Would Cape Hatteras Lighthouse be destroyed by now if it wasn’t moved in 1999?

The answer is most likely yes, according to an article in the Charlotte Observer. “If we hadn’t moved the lighthouse, we’d be regularly dealing with the wrath of the ocean pounding that lighthouse in tropical storms and hurricanes,” David Hallac, superintendent of North Carolina’s Cape Hatteras National Seashore, said. “We’re talking about waves smacking against the lighthouse.”

The extant lighthouse tower was 1500 feet from the ocean when it was built in 1870. After a century of storms eroding sand from the island’s ocean-facing side, it was just 120 feet from the edge, and it was much closer than that before its 1999 move.

This aerial photograph shows how close the lighthouse was to the sea before its 1999 move.  During strong storms, seawater would sometimes reach around the foundation of the lighthouse. National Park Service photo.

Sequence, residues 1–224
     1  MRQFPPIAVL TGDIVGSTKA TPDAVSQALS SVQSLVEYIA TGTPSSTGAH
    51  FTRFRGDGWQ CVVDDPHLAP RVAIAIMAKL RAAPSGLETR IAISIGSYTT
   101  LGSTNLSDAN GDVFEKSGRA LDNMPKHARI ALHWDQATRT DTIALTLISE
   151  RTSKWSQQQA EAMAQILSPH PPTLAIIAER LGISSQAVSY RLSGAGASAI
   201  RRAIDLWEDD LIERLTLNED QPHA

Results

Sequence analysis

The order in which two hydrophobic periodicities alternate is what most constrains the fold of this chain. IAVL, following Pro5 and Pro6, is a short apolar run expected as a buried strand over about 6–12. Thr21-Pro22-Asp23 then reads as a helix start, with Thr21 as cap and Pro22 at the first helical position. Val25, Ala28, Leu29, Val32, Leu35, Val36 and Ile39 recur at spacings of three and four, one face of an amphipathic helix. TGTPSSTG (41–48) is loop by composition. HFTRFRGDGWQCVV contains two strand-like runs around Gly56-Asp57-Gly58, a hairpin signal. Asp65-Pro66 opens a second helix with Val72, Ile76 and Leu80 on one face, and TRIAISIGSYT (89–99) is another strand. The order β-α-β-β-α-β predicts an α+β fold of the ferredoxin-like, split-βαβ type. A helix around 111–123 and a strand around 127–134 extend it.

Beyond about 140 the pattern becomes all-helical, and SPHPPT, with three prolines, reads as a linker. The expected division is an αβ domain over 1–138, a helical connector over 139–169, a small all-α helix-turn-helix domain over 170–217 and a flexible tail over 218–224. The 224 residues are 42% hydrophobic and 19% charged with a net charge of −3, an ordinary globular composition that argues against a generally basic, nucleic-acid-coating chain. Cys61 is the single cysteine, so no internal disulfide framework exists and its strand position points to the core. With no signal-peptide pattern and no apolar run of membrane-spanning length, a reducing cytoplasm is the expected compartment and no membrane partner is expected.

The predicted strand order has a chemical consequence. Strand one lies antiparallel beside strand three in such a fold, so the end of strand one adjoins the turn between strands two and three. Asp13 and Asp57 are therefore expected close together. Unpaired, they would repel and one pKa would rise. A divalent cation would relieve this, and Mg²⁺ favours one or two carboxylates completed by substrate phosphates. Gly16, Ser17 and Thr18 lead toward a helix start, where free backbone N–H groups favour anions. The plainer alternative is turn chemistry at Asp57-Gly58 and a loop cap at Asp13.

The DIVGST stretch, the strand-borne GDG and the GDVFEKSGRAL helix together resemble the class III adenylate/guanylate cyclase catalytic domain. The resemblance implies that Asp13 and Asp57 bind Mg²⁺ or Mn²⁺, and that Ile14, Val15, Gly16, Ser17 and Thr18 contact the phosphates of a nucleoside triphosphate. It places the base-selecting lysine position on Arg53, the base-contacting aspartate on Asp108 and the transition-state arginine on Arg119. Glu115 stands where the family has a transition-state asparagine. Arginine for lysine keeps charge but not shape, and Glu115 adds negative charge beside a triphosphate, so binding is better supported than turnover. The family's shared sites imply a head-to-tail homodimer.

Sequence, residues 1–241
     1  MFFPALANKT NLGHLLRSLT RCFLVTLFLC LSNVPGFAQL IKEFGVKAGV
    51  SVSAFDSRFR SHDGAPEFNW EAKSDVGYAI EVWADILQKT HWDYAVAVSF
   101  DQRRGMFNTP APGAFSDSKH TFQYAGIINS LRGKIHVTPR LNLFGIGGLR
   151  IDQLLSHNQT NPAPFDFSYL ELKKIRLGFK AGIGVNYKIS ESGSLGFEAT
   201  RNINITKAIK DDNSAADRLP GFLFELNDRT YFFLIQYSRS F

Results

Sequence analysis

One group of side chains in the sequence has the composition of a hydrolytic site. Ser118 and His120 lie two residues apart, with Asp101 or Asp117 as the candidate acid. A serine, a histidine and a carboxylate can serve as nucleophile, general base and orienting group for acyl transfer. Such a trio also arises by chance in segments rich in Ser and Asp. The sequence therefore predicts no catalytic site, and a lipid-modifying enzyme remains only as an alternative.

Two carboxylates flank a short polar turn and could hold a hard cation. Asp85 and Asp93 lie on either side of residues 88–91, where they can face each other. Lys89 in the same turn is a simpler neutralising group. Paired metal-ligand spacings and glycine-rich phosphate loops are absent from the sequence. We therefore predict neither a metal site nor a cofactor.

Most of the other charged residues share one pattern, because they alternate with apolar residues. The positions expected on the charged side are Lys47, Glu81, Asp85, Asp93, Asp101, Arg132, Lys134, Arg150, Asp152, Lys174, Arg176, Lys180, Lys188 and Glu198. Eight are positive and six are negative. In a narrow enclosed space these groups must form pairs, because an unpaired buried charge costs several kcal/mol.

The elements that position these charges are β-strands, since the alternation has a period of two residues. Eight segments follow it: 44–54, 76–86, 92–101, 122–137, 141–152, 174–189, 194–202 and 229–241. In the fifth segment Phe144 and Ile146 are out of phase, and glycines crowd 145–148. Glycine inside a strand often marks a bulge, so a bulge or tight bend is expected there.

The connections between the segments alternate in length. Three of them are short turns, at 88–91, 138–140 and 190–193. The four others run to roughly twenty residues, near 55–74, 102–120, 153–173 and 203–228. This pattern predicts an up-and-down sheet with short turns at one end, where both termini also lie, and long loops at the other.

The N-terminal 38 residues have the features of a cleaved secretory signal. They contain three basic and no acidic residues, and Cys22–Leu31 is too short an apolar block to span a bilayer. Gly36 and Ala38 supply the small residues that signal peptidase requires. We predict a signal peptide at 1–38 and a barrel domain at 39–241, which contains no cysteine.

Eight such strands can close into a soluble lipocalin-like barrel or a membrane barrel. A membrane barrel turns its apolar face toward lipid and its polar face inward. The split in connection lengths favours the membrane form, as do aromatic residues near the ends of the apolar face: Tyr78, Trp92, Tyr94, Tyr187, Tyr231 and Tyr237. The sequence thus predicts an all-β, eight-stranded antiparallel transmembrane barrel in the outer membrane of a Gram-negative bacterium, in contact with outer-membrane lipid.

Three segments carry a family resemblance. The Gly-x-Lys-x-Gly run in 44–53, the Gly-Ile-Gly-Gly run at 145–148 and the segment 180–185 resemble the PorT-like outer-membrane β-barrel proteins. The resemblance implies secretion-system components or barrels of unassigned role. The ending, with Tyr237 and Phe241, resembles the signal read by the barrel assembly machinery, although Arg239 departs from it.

Click here to read more in the Charlotte Observer.

Click here to read more about the 1999 move of the lighthouse.

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One thought on “Would Cape Hatteras Lighthouse be destroyed by now if it wasn’t moved in 1999?

  1. The aerial photo also shows how the jetty that was built captured sand being washed southward by littoral drift wave action. Without that jetty the lighthouse would have been seriously threatened much earlier.

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